And so we get to part two of the recent beach trip photos and anecdotes, but I can’t say it’s the second half, because I have more pictures to feature here than I did on the previous post. And they’re not going to be in chronological order just to mess with the anal people.
I made a brief mention of this earlier, but while we had good weather for the three-day weekend trip, the days were disturbingly hot, peaking around 36 °c (97 °f,) which was enough to cut short some of our planned activities. On the day we were in Southport, we didn’t walk around as much as we’d aimed to, though my bothersome foot contributed to this, and on the day we went to Fort Fisher, we skipped hiking down the beach strand. We got enough done and it was certainly a nice getaway, but yeah, too damn hot…
On the second evening, however, we trotted down to the beach for sunset (the previous night’s sunset occurred while we were on the road towards a decent seafood restaurant.) And since the rising sun was shrouded behind beach houses, this meant that the setting sun would be out over the water – I’m easy, I’ll take either. As it lowered the sun reflected off of the windows of a nearby house, making it appear as if it was brilliantly lit inside, and I snapped this as a large flight of pelicans passed overhead.
Clouds down on the horizon were going to prevent any chance of a green flash occurring, but they added a lot of character to the sky, and as you’ll see, it worked pretty well.
Rather than completely shrouding the sun, the clouds were thin enough to become very tempestuous in appearance while still letting the shape of the sun peek through – look close, and you can see most of the circle. It can be hard to judge what exactly is going to happen at such times, even though it might appear (like here) that the sun is going to disappear behind a cloud bank. So I just kept firing away as it descended, or the Earth turned – whatever.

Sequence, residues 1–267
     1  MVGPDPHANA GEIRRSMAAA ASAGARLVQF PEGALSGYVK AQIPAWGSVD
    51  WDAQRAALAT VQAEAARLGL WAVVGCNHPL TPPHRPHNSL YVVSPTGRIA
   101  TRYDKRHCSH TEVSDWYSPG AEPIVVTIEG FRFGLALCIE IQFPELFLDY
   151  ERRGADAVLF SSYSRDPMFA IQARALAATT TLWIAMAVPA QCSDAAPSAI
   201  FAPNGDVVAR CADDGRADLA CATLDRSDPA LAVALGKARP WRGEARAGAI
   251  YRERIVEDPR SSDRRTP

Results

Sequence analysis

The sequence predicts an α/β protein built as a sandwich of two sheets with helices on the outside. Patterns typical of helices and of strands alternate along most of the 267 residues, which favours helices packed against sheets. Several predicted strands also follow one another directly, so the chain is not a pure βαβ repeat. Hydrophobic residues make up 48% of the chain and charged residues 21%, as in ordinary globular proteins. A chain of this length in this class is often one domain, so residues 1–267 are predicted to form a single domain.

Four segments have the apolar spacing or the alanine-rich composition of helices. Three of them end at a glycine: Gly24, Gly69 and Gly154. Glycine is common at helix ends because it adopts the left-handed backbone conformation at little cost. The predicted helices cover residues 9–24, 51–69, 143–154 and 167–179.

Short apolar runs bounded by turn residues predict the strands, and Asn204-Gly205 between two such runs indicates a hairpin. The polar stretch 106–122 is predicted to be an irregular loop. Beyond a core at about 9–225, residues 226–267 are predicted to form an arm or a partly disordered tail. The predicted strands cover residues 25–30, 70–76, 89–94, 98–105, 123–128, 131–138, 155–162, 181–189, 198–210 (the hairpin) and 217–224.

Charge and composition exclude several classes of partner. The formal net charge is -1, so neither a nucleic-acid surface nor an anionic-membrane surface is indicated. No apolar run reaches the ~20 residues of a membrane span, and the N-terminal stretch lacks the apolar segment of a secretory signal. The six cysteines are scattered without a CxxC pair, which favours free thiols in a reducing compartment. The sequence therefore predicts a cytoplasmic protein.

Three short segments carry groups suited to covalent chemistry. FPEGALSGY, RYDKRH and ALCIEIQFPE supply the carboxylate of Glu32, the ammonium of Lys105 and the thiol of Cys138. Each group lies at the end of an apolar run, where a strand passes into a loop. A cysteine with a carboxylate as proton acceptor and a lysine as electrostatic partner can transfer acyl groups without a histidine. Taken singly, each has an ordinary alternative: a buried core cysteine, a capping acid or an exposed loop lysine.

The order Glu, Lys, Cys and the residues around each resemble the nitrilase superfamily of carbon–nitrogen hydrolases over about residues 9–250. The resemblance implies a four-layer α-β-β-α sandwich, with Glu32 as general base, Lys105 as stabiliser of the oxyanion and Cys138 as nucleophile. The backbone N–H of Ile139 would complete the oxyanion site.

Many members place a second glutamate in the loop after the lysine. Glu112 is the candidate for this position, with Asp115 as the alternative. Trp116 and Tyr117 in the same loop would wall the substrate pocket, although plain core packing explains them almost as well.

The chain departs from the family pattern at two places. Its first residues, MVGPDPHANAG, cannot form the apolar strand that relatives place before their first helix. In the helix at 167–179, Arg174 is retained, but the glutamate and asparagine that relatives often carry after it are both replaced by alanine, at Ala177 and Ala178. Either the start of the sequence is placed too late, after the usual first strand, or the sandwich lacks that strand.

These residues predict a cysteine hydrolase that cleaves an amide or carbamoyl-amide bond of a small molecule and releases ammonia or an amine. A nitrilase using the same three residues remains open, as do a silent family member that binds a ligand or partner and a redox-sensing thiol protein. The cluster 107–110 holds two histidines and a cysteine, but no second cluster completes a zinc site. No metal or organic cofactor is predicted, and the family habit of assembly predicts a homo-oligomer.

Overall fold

The actual effect as the sun ‘touched down’ turned out pretty cool, producing a very fluid, attenuated appearance. And because of atmospheric distortion, the chances are the sun was already below the horizon, geometrically anyway, when this photo was taken – light tends to get seriously bent at the more oblique angles that occur at sunrise and sunset.
But admittedly, as the last vestiges disappeared from view, the humidity/clouds were a little too thick to show much of anything. We stuck around, though, both because I knew that the twilight (‘blue hour’ is coming to be a more frequently used term) might do something cool, and because I was going in for a short swim. The water was fantastic, and while the surf off of Oak Island wasn’t going to produce any nice boogie-boardable waves or thick curlers, it also means that it’s a nice beach for anyone, kids and adults.
There’s a very popular regional airport just inland from the intracoastal waterway, which placed it a handful of kilometers from us, and they host sightseeing tours and skydiving activities, which we saw on multiple occasions on our brief stay. And something else.